The tax debate, internationally and in South Africa, is progressively focusing on closing perceived tax loopholes (in order to boost collections) and increasing self-assessment through vigorous auditing by the tax authorities.
In pursuing this goal, Finance Minister Pravin Gordhan has appointed Judge Dennis Davis as the chairman of the Davis Tax Committee.
Davis has been quoted as saying that the challenge for the committee is to design a tax system that, among other things, achieves "the spending needs of the government and its distributional ambitions".
The collection of taxes is important but addresses only one part of the equation.
Taxpayers are constantly told by Gordhan, the South African Revenue Service and by tax practitioners that paying their taxes is the moral thing to do and, in this way, they contribute to uplifting our country and, to some extent, redressing the wrongs of the past.
What is not being addressed effectively is the public perception of rampant corruption and the misuse of public funds, which often runs into the billions or rand. Perceived levels of corruption remain unacceptably high.
The global organisation Transparency International ranked South
Africa 72nd out of 177 countries last year.
Public Protector Thuli Madonsela, in her annual report presented on October 15 last year, was quoted as saying: "All that I can say to this nation and this committee is corruption in this country has reached crisis proportions."
Gordhan, at a recent Discovery Invest Leadership Summit, described corruption as "a disease of the system that needs to be stamped out".
Public mistrust is seen in a number of ways, such as in the level of outrage expressed in the form of service delivery protests. It is understandable that many people respond with anger to increased taxes and toll fees if they perceive that the existing taxes are wasted.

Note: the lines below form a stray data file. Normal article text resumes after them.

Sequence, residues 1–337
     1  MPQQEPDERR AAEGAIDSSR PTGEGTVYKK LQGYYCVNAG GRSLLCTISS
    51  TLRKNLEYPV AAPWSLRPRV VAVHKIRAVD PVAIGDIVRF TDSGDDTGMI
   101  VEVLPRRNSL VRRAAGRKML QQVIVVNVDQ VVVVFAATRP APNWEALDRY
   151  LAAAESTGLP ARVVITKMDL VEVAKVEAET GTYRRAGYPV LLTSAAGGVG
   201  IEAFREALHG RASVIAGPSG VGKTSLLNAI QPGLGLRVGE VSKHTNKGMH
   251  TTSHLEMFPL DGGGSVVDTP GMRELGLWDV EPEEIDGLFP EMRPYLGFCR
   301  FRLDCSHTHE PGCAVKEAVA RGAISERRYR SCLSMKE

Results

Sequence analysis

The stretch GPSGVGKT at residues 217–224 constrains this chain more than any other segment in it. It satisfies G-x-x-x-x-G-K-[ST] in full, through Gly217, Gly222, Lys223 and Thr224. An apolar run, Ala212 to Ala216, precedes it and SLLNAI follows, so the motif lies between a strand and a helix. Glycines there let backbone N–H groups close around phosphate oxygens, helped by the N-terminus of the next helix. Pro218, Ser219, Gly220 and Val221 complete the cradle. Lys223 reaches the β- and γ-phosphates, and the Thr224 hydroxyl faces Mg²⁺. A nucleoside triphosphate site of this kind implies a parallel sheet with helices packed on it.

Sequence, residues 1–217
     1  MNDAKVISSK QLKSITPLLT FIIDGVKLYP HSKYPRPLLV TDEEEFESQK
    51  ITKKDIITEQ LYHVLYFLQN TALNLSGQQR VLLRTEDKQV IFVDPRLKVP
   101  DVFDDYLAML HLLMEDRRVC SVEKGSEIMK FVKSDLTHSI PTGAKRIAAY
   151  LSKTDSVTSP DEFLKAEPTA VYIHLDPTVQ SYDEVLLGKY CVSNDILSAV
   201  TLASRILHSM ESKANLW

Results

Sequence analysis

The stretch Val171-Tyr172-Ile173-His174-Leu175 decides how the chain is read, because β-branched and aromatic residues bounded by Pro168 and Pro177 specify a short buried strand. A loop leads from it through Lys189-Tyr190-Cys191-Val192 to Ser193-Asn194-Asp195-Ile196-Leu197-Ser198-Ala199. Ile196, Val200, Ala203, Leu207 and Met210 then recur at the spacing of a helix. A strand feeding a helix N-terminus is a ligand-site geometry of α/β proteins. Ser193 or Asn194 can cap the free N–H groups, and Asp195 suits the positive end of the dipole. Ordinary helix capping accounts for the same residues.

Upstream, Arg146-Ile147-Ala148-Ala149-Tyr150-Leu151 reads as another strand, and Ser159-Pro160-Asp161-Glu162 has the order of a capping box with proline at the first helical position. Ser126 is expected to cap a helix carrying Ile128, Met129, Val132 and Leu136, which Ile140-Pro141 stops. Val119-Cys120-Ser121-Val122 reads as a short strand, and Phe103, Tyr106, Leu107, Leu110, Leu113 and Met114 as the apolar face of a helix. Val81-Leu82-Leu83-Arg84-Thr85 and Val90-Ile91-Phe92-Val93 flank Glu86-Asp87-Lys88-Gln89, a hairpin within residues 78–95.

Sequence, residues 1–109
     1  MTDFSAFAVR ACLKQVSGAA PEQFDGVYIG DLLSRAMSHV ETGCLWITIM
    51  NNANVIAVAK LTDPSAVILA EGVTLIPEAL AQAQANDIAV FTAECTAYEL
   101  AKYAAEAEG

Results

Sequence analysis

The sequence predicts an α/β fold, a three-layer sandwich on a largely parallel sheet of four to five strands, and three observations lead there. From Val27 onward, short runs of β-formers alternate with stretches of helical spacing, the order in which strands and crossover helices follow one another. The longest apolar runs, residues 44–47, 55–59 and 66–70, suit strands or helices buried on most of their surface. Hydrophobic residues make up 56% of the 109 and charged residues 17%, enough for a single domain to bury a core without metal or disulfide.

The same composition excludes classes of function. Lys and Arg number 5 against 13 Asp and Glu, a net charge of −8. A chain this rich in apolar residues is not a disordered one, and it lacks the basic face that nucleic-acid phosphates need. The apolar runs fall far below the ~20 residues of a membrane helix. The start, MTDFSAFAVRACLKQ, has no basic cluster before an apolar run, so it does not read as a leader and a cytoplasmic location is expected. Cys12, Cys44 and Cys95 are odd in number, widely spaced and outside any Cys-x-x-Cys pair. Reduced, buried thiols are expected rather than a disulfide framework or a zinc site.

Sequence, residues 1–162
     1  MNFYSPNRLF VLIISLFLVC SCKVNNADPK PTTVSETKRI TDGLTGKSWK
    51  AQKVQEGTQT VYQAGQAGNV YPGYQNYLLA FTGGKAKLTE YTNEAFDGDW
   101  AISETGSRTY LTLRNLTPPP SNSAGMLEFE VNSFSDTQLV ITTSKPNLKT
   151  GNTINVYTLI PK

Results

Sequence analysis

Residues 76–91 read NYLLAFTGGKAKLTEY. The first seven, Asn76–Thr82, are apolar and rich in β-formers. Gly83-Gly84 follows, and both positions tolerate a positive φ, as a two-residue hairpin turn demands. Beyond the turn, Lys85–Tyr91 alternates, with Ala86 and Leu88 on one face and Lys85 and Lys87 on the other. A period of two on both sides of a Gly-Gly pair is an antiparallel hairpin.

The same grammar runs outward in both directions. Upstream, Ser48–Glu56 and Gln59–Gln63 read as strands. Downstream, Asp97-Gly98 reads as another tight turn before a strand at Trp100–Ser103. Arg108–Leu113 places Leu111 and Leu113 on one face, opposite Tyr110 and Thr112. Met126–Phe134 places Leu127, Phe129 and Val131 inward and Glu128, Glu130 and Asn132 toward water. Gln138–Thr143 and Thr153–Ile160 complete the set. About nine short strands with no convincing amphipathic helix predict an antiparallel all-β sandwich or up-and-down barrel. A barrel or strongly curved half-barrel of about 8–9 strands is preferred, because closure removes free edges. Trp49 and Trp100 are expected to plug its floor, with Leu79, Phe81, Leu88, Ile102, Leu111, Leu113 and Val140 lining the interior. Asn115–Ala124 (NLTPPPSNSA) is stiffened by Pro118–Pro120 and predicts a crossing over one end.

It is a recognised fact that taxpayers are happy to pay their taxes when distribution and expenditure are transparent and accounted for.
Many South African taxpayers have been comfortable to pay taxes on the basis that they were being used to uplift previously disadvantaged areas and services. Thus, if the perception is that this is not the case, evasion may increase.
Despite efforts by the government to deal with corrupt politicians, such as those by Gordhan in last year's budget speech and medium-term budget policy statement, not enough is seen to be done.
Perhaps the Davis Tax Committee should take a tip from the ancient Greeks. Their governments used a system of liturgies, which required the rich to pay for certain government projects — instead of paying tax.
Surprisingly, the rich often spent more on these projects than required, tacitly acknowledging that as they had benefited from their society, they had an obligation to give back. Extending this principle to South Africa, the suggestion would be for the government to extend public-private partnerships to public works.
In brief, this is how it could work.
The Tax Act would contain an annexure of approved projects, such
as hospitals, schools, public roads, etc.
Taxpayers could apply, instead of paying the tax due over to the government, to actually build the hospital, school or road, which could then bear their names.
In this way, tax morality would increase — pride in completing the project and uplifting the community and ensuring that taxpayers' funds are used appropriately, avoidance of corruption, etc — and taxpayers' funds would reach their intended destination. The principle should be available to corporate and high-net-worth individuals.
It has been said that you do not fight corruption by fighting corruption. Traditional methods of investigation and prosecution need to be accompanied by efforts to instil an attitudinal change and to bring about a new culture of accountability and transparency.
As ridiculous as the suggestion of taxpayers undertaking public work projects may sound, the satisfaction, social recognition and legacy that a completed project would bring to the taxpayer is more than any money could buy.
This article first appeared in BDLive, 14 February 2014
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